Thusday, June 21, 2007







Youths beaten, left side of road
Monitor Staff Reports
KEMP–Three youths are recovering from injuries sustained from a severe beating.
The Kaufman County Sheriff’s Department is investigating the incident and are looking at a number of suspects.
“The boys are OK,” Sgt. Josh Early told The Monitor Monday.
A resident on Farm-to-Market Road 148 near the Peeltown curve found the first young man early Saturday morning, June 9, near his driveway.
Authorities used poles and sticks to search through tall grass and weeds.
A second boy was found in a ditch near a culvert, followed by a third.
The boys range in age from 14 to 22, Early said. No names were being released at this time.
“They had been beaten up pretty bad,” he said.
One was airlifted to Parkland hospital by helicopter.
The other two were transported by ambulance to Presbyterian Hospital of Kaufman, Early added.
He believes the boys were left there sometime during the wee hours of the morning.

Man believed drowned in lake
Monitor Staff Reports
PINNACLE CLUB–Henderson County Sheriff’s Office investigators and Game Wardens continued searching southeastern Cedar Creek Lake Tuesday for a Flower Mound man believed to have drowned late Saturday afternoon.
The missing man, identified as Richard John Edmundson, 43, was among a group of five adults and eight children touring the lake on a pontoon boat, sheriff’s office public relations officer Lt. Pat McWilliams reported Tuesday.
During the family tour, the group stopped the boat in the large open space between the Pinnacle Club resort and the Caney City peninsula to allow the children – who were wearing life jackets – to swim, McWilliams said.
As the children swam, the boat began to drift away, and around 5:30 p.m. Saturday, Edmundson went into the water to bring the children back to the boat.
Edmundson never made it to the children, as he quickly became exhausted in the 70-degree water and disappeared under the surface before anyone could reach him, McWilliams reported.
“There was no alcohol and no rowdyness,” he added. “It’s just a tragic accident.”
Family members believed they were in a spot about 300 yards off the Esquire Estates point, near the mouth of Clear Creek, just east of the Pinnacle Club gated resort community. The water is approximately 40 feet deep in that area.
The area is far too large to conduct an intensive search, McWilliams said, although U.S. Coast Guard Auxiliary members, Payne Springs volunteer firefighters and Game Wardens joined sheriff’s deputies in looking for Edmondson.
“We’re on station, waiting for the body to surface,” McWilliams reported via cell phone, adding searchers continue to patrol the shoreline and the area believed to be the spot where Edmundson disappeared.
Family members were staying in the Log Cabin area prior to the accident, he said.
“They (the family) thinks this is where they were, but they could have been in the next cove – we’re not sure,” he said.
“We’re just waiting for the body to reappear for us to find, or for someone else to find,” McWilliams said.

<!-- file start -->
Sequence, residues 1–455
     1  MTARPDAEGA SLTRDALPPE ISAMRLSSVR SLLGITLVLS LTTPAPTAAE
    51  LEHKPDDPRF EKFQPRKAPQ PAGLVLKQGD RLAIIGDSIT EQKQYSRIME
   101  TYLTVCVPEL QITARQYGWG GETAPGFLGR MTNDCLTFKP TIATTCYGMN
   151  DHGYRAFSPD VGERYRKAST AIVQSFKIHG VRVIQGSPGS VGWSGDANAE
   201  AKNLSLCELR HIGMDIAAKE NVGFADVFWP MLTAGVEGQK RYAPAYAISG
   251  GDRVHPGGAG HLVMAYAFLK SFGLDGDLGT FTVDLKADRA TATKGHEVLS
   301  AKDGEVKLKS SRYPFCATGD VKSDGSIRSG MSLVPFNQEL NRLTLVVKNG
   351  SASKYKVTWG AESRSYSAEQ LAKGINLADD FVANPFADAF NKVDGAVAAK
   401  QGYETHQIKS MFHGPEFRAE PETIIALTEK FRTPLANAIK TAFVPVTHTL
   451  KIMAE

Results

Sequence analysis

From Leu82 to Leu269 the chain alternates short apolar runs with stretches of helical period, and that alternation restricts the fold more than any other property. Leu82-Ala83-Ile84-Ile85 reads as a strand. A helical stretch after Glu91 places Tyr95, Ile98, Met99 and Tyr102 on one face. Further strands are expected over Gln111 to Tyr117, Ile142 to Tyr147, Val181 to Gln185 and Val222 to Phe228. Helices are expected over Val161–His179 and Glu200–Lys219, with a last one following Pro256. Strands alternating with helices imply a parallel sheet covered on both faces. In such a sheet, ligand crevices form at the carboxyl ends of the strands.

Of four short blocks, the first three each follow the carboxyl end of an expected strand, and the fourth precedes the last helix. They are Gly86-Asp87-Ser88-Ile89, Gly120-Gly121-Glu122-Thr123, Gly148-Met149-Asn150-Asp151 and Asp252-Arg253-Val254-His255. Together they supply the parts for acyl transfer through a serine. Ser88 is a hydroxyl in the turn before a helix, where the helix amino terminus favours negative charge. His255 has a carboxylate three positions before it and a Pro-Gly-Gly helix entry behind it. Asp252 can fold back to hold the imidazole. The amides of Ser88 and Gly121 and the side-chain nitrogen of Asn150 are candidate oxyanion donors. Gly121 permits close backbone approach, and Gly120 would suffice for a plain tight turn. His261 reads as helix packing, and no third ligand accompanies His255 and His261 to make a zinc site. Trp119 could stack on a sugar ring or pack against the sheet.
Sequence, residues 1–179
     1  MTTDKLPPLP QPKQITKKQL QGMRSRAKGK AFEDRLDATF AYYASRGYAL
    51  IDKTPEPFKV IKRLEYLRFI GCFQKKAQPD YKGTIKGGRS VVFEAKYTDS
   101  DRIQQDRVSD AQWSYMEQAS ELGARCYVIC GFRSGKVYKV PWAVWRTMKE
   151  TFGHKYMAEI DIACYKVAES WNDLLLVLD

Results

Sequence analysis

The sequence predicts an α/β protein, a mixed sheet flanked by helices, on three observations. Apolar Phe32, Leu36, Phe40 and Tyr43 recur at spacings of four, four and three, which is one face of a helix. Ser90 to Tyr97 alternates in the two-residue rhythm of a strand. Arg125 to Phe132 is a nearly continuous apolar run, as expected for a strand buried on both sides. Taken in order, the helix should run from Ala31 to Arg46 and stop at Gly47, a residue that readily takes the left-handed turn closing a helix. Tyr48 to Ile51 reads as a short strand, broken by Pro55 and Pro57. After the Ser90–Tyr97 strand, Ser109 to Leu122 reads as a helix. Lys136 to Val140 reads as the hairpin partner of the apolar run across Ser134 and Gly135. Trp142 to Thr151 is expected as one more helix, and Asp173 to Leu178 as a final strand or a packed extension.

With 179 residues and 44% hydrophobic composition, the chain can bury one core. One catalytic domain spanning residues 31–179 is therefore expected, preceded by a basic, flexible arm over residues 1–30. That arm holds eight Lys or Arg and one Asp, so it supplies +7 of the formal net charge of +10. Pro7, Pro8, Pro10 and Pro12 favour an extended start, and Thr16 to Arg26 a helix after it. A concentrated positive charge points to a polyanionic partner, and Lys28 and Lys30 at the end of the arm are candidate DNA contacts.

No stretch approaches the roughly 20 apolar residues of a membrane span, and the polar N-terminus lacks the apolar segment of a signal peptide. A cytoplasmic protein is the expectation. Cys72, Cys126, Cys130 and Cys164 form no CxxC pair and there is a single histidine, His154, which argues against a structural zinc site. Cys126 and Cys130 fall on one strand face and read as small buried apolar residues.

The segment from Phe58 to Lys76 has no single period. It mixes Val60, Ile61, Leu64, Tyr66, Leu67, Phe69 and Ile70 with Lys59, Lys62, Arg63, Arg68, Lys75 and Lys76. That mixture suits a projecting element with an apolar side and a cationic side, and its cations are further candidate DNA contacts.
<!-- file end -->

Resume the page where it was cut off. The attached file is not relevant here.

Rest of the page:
Birds of prey visit library
By Barbara Gartman
Monitor Staff Writer

SEVEN POINTS–Some birds of prey search in the dark of night and some sore through sunny skies, looking for food.
These were some acts those attending a special show-and-tell program at the Library at Cedar Creek Lake learned Tuesday.
Pierre Bradshaw of “On The Wing Again” knows birds of prey.

Monitor Photo/Barbara Gartman
Pierre Bradshaw of On The Wing Again shows a great horned owl’s ability to follow sound in search of prey. The owl can turn its head to the point where he can look backwards.

He rehabilitates injured birds of prey, and then releases them back into the wild.
He brought five birds to show and educate the approximately 150 children and parents in attendance.
“They don’t make good pets.,” Bradshaw said.
“Even if you take a young bird from its nest before it sees its parent, and the bird thinks you are its Mama, it is still wild. Only now, it isn’t afraid of you,” Bradshaw explained.
It is illegal to have wild birds or even their feathers in your possession, he said.
Bradshaw has both federal and Texas permits which enable him to help birds.
“Having feathers dates back to when ladies hats were decorated with them,” he said.
Bradshaw’s birds include two day hunters – a red-tailed hawk named Hawkeye and an American Kestrel (sparrow hawk, the smallest falcon in North America), and the hunters of the night – a screech owl named Chili Pepper, a great horned owl and a bar owl.
The birds have been permanently disabled and will never be able to be released back into the wild.
Bradshaw explained how four of the birds were injured.
Most of the children were very attentive.
When he finished and asked for questions, one child asked “what happened to the last bird?”
Bradshaw realized he had forgotten to explain the last bird’s problem and commended the child for his alertness.
Bradshaw is from Ferris and can be reached by calling (972) 842-2805.

Widening of SH 334 disrupts phone service
Monitor Staff Reports
SEVEN POINTS–About 350 Embarq customers in Seven Points and Tool were without telephone service Tuesday after a backhoe severed a telecommunications cable at the intersection of state highways 274 and 334.
While severing the cable, machinery also pushed it underneath a slab of concrete, Embarq spokesman Don Houston told The Monitor.
The incident occurred about 8:30 a.m. in connection with the widening of State Highway 334.
It wasn’t until early afternoon that the cable was clear to begin the tedious resplicing work.
Houston estimated work would be completed by 8 p.m.